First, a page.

Several elementary-age kids from throughout Pulaski County spent their Thursday afternoon shooting hoops and learning how to play basketball from some of the state’s most recognizable athletes – Coach John Calipari and members of the University of Kentucky Mens Basketball team.
Calipari kicked off the camp, held at the gymnasium at Pulaski County High School, by speaking with the kids.
The camp was one of several held throughout the state, offered by Justice Action Network, a national bipartisan criminal justice reform group.
Dozens of kids who have been impacted by family addiction issues or parental incarceration are participating in the Coach Cal satellite camps all over the Commonwealth. The kids are admitted to the camp free of charge, and even have the opportunity to get pictures and autographs with Coach Cal and his team, according to a statement form Justice Action Network.
The organization thanked several local elected officials who “pitched in to help with the project, ensuring as many kids as possible could take part in the experience.”
They include Pulaski County Judge Executive Steve Kelley, State Senator Rick Girdler, Somerset Mayor Alan Keck, local drug court staff and Congressman Hal Rogers’ district team.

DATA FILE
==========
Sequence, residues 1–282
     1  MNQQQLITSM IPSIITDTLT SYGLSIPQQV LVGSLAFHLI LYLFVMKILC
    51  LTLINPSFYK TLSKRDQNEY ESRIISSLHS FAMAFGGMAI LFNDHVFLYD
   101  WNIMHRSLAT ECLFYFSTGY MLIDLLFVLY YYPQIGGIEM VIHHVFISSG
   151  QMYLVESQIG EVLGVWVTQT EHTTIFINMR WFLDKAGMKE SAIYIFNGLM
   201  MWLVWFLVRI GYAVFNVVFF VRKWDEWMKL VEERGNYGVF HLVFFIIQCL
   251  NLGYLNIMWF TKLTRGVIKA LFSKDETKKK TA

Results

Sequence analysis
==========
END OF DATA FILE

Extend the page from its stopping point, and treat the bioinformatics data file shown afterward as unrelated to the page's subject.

Senator Girdler was on hand to watch some of the camp action.
“This is a dream come true for so many Pulaski County children. Without this partnership and Coach Cal’s generosity, these kids would never be able to have an experience like this,” said Senator Girdler. “This is a stark reminder that addiction and incarceration doesn’t just impact the people who make mistakes…an entire generation of children are affected, too. And as a community, we have to step in and help these kids.”
“When Coach Cal speaks, Kentuckians listen,” said Holly Harris, Executive Director of the Justice Action Network.
“I’m hopeful his voice will inspire more people to consider the devastating impact that addiction and incarceration is having on our friends and family members. We cannot throw in the towel on people who have made mistakes, if for no other reason than we need them to get healthy again so they can support their kids. Through this camp, Coach Cal gave dozens of children who have experienced so much trauma and pain the chance to just be a kid again...and that makes him a hero on and off the court.”
The experience was a rewarding one for the young Kentucky basketball players as well, interacting with the youth and seeing the impact that they have as sports superstars in the Commonwealth. The players could be seen mixing among the scores of children and tossing up shots on the familiar Pulaski County High School gym baskets, where former Wildcat Reggie Hanson once played.
“So far, we’re just getting to know the kids around the state,” said rising sophomore guard Immanuel Quickley. “It’s important for us to know how important (UK basketball) is to the state of Kentucky, and what it means to the entire state.”
Quickley added that he and his teammates are “having a lot of fun with the kids,” and giving each one “something that they can remember for the rest of their life.”